Ramona L. Anderson

Health News

The good news is that FDA has passed regulation requiring manufacturers to list on food labels the harmful trans fatty acids (trans fat) usually found on vegetable shortening, some margarines, snack foods, fried foods, crackers, candy bars, salad dressings, crackers and other processed food.
The bad news is that manufacturers have until January 1, 2006 to put it into practice. Nonetheless it's a step in the right direction. Trans fats are just as bad as saturated fats contributing to cardiovascular disease, a leading cause of death in the U.S. Here's more.

Vegetarian Organic Recipe of the Week

Thai-Indian Medley (vegan) 
Serves 4 to 6

This enticing complete protein dish is inspired by the magnificent and mouth
watering Thai and IndianThai-Indian Medley cuisines. This recipe makes a very satisfying, tasty and highly nutritious one-dish meal using ground ginger and curry powder. Curry powder is a blend of up to 20 spices and can vary depending on the Indian region it comes from. In the U.S., commercial curry comes in standard and Madras styles, the latter is hotter and both are widely available at any health food store or supermarket. The fusion of spices gives this dish an array of aromas and subtle piquancy that open up all your senses letting you truly savor the all the ingredients.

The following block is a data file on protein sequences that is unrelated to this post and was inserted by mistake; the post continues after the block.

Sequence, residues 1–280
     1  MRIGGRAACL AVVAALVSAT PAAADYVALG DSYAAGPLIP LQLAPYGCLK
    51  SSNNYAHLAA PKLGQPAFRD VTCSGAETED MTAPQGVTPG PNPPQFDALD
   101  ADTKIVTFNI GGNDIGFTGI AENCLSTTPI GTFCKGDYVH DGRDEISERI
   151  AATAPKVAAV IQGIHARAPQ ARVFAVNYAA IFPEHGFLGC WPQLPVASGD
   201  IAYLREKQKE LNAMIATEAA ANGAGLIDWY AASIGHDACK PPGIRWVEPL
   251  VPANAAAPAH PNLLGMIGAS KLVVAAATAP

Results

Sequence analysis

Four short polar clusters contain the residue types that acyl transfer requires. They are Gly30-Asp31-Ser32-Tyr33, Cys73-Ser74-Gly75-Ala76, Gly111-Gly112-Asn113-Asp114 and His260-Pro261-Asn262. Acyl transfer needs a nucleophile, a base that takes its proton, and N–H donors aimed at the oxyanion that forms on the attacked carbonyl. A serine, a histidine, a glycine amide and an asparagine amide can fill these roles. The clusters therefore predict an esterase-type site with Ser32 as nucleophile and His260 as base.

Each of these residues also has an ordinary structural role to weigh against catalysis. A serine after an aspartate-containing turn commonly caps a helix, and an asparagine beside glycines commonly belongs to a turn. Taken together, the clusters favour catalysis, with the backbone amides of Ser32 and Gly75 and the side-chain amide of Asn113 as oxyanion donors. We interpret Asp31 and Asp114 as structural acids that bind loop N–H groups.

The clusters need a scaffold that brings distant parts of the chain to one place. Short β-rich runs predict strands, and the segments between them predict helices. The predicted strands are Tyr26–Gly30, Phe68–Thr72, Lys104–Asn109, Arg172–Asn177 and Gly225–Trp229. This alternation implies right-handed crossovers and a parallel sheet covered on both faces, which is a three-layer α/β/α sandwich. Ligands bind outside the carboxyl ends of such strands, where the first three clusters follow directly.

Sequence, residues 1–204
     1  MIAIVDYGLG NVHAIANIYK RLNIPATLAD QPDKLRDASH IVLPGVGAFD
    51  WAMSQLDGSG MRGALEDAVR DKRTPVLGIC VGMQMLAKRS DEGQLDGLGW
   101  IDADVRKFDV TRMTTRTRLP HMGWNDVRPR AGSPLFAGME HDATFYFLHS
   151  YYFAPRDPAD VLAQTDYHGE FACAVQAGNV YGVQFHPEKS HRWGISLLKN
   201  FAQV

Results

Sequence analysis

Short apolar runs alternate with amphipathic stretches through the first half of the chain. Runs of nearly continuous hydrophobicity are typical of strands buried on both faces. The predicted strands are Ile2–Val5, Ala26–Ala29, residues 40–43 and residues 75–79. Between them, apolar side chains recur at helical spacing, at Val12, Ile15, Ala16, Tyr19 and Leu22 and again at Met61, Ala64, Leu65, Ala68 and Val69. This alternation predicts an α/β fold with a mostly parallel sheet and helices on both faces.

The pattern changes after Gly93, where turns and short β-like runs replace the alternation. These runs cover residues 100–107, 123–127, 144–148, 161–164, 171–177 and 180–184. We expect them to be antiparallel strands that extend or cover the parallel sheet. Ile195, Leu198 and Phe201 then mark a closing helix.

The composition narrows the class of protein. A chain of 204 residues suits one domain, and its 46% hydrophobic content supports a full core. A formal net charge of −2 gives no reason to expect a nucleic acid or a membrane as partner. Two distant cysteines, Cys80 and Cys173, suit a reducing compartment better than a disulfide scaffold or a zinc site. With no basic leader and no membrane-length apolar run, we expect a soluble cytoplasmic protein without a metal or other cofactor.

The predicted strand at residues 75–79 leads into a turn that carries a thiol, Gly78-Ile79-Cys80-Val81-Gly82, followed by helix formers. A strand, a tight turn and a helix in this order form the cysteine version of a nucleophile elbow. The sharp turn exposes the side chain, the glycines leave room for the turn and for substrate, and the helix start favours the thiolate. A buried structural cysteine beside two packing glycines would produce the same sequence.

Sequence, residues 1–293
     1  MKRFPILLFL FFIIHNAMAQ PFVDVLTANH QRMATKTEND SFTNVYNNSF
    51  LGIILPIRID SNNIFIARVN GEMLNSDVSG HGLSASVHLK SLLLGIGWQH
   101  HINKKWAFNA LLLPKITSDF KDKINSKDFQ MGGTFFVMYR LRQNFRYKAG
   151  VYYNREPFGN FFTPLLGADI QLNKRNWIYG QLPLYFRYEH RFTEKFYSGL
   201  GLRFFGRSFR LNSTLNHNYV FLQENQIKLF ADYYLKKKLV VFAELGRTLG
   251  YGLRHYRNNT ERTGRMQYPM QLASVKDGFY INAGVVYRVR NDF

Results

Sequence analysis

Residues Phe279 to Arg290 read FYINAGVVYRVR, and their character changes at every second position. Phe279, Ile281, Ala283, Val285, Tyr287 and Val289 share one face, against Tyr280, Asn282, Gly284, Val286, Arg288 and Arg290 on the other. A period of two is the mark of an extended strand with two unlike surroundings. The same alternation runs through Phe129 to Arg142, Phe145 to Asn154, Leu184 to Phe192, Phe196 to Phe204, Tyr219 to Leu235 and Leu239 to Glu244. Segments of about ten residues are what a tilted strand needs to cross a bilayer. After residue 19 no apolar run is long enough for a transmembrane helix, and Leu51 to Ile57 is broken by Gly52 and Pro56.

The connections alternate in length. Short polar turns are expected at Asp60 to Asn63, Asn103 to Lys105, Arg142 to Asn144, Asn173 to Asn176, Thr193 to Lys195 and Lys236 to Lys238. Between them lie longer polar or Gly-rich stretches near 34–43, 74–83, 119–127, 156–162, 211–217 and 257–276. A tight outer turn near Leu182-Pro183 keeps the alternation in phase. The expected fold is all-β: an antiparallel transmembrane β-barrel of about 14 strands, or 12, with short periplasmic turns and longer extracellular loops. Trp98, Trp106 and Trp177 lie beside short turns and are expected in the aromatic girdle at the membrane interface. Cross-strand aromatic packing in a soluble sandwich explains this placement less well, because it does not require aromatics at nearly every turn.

Ahead of time: Cooked chickpeas (garbanzo beans) or substitute with organic canned chickpeas.

Preparation time: 10 minutes Cooking time: 30 minutes Equipment: Food processor or blender

Get ingredients ready (use organic ingredients if possible)
1 tablespoon unrefined safflower oil 
4 fresh garlic cloves 
½ small onion 
1 (8 oz) package of Tempeh (crumbled)
2 cups cooked chickpeas (drained) or canned (rinsed and drained)
2 large slicing tomatoes (or 4 Plum Roma tomatoes) cut in quarters